Football Integrity Now and Future

Panel Topic: Football Integrity: Now and Future
Panel Members: Affy Sheikh, Head of Starlizard Integrity Services; Emilio Garcia Silvero, Chief Legal and Compliance Officer – FIFA; Alexander Bielefeld, Director Global Policy &  Strategic Relations – FIFPRO; Matthijs Withagen, Director of Legal and Governance Affairs – Saudi Arabia Football Federation (SAFF)

“Football without integrity doesn’t matter. How do we protect the integrity of football?” asked Affy Sheik. His company, Starlizard, has identified 1529 suspicious matches over five years. “The match-fixers are great at identifying players’s weaknesses, particularly organised crime. Finding out what makes people vulnerable is important in combating it.” He added that few players have failed drugs tests in recent years.

Matthijs Withagen quoted statistics from Sportradar. “They have detected over 1200 suspicious matches across different sports in 92 countries across 5 different continents,” he said. “There is a growing problem in basketball.” In football, 52% of suspicious matches came in third tier or lower matches. Alexander Bielefeld said the issue of integrity is wider than match fixing and doping, “It is also about abuse-including online abuse, workload, head injuries.” He added, “Players who haven’t been paid their salaries are more vulnerable to match fixing.”

Withagen agreed that non-payment of salaries is a big issue. “This is one of the main challenges. If a player doesn’t get his or her salary paid they are more vulnerable to engage in these kind of practices.” Emilio Garcia Silvero agreed with Bielefeld that the concept of integrity needs to be expanded. “Integrity was a match-fixing issue,” he said. “Over the last 5/6 years we have seen the expansion of integrity. Doping, racism and sexual harassment are also part of the integrity of the game.” He continued: “Integrity also means multiple ownership of clubs competing in the same competitions.”

Withagen said that SAFF have produced an app which anyone can use to report suspicions around integrity. He stressed that education of players, officials and staff was essential to protect the integrity of the game. This included working with players on the influence of social media. Bielefeld said that FIFPRO are working with FIFA on player work load. “There is training, matches, travel, international matches-players don’t get enough rest,” he said. “No-one really cares about their career paths. We need safeguards to protect off season periods for players in particular.”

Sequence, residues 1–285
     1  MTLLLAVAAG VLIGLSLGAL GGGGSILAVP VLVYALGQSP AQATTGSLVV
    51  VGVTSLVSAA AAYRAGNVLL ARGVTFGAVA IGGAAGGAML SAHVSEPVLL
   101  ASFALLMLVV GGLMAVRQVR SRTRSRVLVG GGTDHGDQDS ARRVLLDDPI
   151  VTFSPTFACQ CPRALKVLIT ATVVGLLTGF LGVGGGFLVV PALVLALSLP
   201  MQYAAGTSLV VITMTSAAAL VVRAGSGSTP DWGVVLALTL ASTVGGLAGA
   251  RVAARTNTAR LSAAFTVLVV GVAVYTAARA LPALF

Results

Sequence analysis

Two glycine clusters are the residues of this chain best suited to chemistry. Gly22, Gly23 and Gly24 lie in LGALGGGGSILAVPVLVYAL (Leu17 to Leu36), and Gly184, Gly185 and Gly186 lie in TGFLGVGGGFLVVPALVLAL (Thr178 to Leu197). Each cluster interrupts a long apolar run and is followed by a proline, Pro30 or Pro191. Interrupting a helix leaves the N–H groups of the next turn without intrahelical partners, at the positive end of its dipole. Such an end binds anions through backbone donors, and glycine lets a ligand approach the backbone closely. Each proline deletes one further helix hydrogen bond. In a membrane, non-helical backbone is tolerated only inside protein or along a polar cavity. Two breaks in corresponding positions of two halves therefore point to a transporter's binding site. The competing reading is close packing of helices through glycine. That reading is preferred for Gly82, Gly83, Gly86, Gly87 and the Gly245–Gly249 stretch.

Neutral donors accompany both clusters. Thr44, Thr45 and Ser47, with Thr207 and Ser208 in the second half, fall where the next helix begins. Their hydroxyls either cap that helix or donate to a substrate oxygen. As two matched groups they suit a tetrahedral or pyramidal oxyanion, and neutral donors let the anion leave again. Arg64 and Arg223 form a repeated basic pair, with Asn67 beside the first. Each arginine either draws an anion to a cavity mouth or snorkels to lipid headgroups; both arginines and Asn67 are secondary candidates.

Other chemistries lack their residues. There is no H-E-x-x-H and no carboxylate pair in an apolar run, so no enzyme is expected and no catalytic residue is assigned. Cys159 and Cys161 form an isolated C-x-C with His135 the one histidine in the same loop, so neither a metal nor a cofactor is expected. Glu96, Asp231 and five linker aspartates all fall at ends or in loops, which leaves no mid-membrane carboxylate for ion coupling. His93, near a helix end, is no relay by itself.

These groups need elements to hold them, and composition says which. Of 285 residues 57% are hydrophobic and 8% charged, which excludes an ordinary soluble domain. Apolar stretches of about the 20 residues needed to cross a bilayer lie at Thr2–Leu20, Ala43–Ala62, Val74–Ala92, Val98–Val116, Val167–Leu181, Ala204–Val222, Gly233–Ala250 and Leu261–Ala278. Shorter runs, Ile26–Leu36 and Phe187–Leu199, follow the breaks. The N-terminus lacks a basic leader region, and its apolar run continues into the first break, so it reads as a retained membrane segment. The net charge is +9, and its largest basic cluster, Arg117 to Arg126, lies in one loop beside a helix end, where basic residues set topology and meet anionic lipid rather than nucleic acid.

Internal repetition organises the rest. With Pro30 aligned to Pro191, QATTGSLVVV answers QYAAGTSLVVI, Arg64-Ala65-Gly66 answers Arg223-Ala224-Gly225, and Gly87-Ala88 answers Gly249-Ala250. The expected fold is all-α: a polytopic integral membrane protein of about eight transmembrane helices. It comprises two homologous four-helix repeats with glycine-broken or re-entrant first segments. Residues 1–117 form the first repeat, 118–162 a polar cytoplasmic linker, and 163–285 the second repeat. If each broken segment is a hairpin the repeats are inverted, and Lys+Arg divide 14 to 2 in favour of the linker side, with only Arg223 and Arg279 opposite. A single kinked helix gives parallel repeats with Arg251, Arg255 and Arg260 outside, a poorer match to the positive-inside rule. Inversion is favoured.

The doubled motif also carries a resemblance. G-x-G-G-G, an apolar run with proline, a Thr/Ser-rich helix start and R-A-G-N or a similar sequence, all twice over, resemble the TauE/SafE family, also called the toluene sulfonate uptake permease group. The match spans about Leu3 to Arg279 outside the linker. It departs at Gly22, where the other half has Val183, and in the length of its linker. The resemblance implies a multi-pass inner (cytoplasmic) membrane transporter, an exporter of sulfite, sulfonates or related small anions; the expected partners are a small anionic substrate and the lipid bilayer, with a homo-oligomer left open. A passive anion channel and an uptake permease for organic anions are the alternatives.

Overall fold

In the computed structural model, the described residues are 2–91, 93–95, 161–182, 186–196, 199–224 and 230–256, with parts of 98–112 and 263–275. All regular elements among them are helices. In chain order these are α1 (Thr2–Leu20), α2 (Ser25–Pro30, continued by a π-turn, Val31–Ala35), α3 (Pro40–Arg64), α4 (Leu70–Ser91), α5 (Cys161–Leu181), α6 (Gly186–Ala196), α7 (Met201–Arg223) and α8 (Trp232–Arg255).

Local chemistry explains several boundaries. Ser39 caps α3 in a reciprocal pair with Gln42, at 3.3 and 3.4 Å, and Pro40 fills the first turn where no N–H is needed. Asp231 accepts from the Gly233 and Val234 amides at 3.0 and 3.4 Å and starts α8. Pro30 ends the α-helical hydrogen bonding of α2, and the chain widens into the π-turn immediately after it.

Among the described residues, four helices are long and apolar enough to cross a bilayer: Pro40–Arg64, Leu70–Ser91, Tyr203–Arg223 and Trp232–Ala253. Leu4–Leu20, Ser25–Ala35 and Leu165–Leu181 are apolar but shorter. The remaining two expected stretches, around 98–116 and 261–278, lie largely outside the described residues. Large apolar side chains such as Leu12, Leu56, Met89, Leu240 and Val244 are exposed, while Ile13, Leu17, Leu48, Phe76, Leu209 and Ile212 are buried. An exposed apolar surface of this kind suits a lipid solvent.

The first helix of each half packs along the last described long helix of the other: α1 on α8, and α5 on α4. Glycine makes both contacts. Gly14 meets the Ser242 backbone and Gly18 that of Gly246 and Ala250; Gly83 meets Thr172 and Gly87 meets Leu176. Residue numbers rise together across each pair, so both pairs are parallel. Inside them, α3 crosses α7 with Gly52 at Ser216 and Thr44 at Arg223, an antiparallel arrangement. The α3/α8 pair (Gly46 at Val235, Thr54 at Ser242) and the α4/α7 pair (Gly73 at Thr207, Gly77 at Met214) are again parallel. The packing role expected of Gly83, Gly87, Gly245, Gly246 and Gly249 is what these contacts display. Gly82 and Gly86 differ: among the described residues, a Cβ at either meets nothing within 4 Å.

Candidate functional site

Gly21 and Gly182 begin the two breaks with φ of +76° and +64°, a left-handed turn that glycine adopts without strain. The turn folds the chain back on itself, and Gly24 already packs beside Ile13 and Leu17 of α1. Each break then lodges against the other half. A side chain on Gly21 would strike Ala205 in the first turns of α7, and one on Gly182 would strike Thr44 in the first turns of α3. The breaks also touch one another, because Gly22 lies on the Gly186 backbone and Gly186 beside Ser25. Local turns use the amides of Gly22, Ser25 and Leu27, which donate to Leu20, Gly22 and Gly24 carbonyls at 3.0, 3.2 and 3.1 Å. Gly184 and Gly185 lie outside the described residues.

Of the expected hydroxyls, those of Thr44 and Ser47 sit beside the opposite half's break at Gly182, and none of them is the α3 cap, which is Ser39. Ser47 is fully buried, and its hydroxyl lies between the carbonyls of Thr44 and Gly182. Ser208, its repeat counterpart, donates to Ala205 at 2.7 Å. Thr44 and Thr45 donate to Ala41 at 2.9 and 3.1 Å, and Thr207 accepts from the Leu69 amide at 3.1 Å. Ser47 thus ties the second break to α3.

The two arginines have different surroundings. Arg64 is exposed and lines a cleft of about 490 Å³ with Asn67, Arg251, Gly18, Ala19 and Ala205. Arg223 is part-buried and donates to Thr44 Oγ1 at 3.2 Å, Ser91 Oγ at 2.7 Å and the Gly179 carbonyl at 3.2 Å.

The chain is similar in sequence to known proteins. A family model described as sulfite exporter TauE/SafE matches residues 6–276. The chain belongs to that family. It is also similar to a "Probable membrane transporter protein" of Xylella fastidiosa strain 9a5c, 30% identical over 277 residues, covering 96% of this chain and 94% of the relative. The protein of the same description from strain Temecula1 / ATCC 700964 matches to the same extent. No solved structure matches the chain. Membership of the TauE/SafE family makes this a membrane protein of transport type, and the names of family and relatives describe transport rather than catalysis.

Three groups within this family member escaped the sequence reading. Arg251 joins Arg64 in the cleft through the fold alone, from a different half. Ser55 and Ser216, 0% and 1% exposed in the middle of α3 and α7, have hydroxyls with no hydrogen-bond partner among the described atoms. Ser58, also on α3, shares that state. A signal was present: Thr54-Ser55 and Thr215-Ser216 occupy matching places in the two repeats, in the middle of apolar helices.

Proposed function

Sheik returned to the topic of match-fixing. “The idea that you can contact a footballer through social media…if match-fixers can get hold of former players they tend to be more convincing.” “We have heard from retired match-fixers how easy it is…that no-one has turned down the money on offer”.

“There have been a number of high-profile intentional yellow cards lately…a referee insisting on a goal being scored.”

As for the future, Garcia Silvero said: “There are two vital points going forward. Sexual harassment and financial integrity. We are dealing with sexual harassment across the world. The second point is financial transparency within the international transfer of players.”

Sheik said: “Regarding match-fixing, I’d like to see more, and better, investigations. More witnesses. An international football integrity agency? Addressing the issues that lead players to match-fix is vital.”